Sunday 27 May 2018

Stage: A director's journey from musical 'Assassins' to an exploration of love

Excited: Ronan Phelan has Shakespeare, a Broadway musical and a contemporary play in the pipeline
Excited: Ronan Phelan has Shakespeare, a Broadway musical and a contemporary play in the pipeline

Chris McCormack

Love, they say, looks not with the eyes but with the mind. But in Lucy Prebble's play The Effect, now receiving its Irish première through Rough Magic, love might just be doped up on chemicals released by the brain. The play, which won the 2012 English Critics' Circle Award for Best New Play, follows two volunteers on a clinical trial for a new drug. It's unclear if the attraction that grows between them is real or merely a side effect. British playwright Prebble is also the writer behind the 2007 ITV drama Secret Diary of a Call Girl, which starred Billie Piper as a London escort, and the West End hit ENRON.

The director of Rough Magic's version of The Effect, Ronan Phelan, says that the decision to stage Prebble's play was a personal one. "I remember the visceral experience of falling in love. I always thought that books, TV and films have always been slightly hyperbolic in their presentation of the intensity of love until I fell in love myself. I felt it physically, like a physiological shift.

"That's something that's explored in the play: the reason behind that physiological reaction, that sense of your capillaries opening, your pupils dilating, when somebody walks into the room that your body leans towards them, all in a way that feels almost primitive or uncontrolled.

"The play dissects the idea of whether love is a symptom of a biological fact, if it's just a synapse and the effect produced is what we call 'love', or due to the specificity of who we are as individuals," he adds.

Ronan reflects on what has brought him to this moment in his career, and insists that he owes credit to Rhonda Byrne, the life coach who preaches the transformative power of positive thinking in her book The Secret.

"One night we watched her DVD," he says, restraining his laugher. "I was living with my best friend, and she said 'let's visualise: what are you going to do?', I said 'I'm going to direct the musical Assassins by Stephen Sondheim'."

Phelan was on a break from theatre at the time. After primary school ("I played Snow White and Dorothy, in Irish and English, by the time I was 11") and college, he worked as a stage ­manager for a few companies.

"I was getting frustrated," he says. "I wanted to do something other than that, but I didn't know how.

"I spent a couple of years working in restaurants, partying and having a really good time. Then I got a call from a friend, the actor Camille Lucy Ross, who said she was putting on a play, and the director had fallen through. I thought 'this is the phone call'."

Fast-talking, concise and perennially friendly, Phelan explains how his directing career was suddenly kick-started. From that well-received production of Durang/Durang, an evening of absurd plays by American playwright Christopher Durang, he signed up to direct Pocket Music, Gavin Kostick's comedy about two vaudeville stars. Soon afterwards he was accepted on to Rough Magic's SEEDs, an artists' development programme.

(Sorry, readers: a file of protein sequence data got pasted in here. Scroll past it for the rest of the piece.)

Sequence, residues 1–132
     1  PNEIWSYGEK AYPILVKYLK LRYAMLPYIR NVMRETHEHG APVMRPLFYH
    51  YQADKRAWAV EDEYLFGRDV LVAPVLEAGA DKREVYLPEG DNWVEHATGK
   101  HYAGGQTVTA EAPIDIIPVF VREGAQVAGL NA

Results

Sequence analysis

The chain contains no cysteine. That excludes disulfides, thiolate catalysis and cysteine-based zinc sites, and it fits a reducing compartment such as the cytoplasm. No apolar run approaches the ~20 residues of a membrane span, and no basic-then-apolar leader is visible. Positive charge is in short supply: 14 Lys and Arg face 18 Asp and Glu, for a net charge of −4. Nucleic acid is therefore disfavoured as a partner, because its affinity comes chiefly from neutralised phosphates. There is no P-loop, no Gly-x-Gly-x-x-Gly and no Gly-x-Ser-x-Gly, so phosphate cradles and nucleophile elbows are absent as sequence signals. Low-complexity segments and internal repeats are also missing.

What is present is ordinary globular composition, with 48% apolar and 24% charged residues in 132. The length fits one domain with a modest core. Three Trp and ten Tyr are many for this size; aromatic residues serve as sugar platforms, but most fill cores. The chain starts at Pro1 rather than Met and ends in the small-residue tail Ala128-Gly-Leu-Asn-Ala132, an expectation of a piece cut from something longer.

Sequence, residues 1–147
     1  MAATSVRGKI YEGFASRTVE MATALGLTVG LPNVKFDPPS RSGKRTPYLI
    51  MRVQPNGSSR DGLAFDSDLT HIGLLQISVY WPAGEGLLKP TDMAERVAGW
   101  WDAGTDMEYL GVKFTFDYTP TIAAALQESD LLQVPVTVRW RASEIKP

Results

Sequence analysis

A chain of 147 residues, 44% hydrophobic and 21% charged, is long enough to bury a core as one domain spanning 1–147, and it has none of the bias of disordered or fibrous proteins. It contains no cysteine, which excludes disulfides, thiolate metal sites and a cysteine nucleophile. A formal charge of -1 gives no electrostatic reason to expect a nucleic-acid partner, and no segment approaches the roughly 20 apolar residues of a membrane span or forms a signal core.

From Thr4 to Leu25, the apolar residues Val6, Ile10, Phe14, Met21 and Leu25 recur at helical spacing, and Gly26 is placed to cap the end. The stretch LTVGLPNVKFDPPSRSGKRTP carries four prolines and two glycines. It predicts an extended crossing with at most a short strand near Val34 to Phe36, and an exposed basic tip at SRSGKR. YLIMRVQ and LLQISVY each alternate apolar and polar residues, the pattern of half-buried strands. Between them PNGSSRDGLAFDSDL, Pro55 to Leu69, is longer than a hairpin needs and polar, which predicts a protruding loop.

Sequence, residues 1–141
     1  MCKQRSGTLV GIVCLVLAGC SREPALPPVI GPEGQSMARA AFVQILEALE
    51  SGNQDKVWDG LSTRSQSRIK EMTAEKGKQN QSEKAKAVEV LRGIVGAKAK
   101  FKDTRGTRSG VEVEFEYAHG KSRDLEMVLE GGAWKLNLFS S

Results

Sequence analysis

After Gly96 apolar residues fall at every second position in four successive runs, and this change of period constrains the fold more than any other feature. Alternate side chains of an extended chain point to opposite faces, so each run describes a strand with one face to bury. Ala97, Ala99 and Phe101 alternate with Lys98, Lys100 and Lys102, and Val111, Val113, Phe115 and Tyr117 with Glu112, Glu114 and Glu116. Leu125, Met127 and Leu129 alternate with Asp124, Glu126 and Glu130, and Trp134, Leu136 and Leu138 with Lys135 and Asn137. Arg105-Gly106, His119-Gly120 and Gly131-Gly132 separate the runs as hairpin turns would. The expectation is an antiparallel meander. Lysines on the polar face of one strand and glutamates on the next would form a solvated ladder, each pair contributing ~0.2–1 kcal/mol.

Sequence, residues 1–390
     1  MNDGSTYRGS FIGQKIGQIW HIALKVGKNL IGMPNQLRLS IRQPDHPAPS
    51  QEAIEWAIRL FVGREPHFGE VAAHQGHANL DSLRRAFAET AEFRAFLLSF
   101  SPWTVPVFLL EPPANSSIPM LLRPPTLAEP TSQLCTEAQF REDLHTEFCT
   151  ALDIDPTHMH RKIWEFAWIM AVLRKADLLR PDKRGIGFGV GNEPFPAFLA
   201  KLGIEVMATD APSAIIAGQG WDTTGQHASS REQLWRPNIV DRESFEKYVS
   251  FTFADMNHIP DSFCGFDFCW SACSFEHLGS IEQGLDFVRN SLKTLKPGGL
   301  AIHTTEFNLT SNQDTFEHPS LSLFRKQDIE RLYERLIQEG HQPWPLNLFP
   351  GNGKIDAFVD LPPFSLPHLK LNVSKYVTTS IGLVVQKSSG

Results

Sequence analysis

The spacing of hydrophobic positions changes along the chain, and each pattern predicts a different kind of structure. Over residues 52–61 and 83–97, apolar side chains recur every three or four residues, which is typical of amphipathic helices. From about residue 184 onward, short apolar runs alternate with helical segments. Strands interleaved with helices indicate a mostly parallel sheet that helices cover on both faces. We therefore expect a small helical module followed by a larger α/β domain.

For his director's showcase, Phelan staged Assassins, Sondheim's musical about the people who attempted to assassinate US presidents. The choice is typical of what has become his approach to directing.

"I am attracted to plays that are inherently theatrical, that celebrate the form," he says. "The reason I like Assassins is; it's a Broadway musical with musical tunes, but they're singing about murdering people. It's the rub between those two things, the electricity between the form and the content."

That tension has also been clear in his collaborations with the playwright Peter Dunne. "I think Peter is really interested in how power plays in life, how people manipulate and how they're put into a position to be manipulated," says Phelan. "He's interested in the ethical questions around that, whether it's social experiments or reality TV."

In mounting Broadening, a drama with echoes of the Stanford prison experiment, Phelan had the set's prison walls extend out to implicate the audience: "The aim was to freak them out as much as possible."

The Effect marks Phelan's return after a period of working in development or assistant programmes. "Working at the Abbey Theatre as resident assistant director for 18 months was a great experience in understanding how a building operates, the complications it has to navigate," he says. "But it was a year-and-half hiatus from making your own work. I am keen to getting back to that, and identifying more and more for myself what I'm interested in."

So far, he has lined up a students' production of Much Ado About Nothing at The Lir, and in the summer he'll stage Annie at the Cork Opera House.

"New contemporary playwriting, Shakespeare and a Broadway musical, that's actually a perfect year for me. The versatility of it excites me."

But Phelan's eye is also fixed beyond the current year. "Down the line, I'd like to be the artistic director of a company," he says. Immensely motivated and dramaturgically bright, it's not difficult to imagine.

The Effect runs at the Project Arts Centre, Dublin, until April 1

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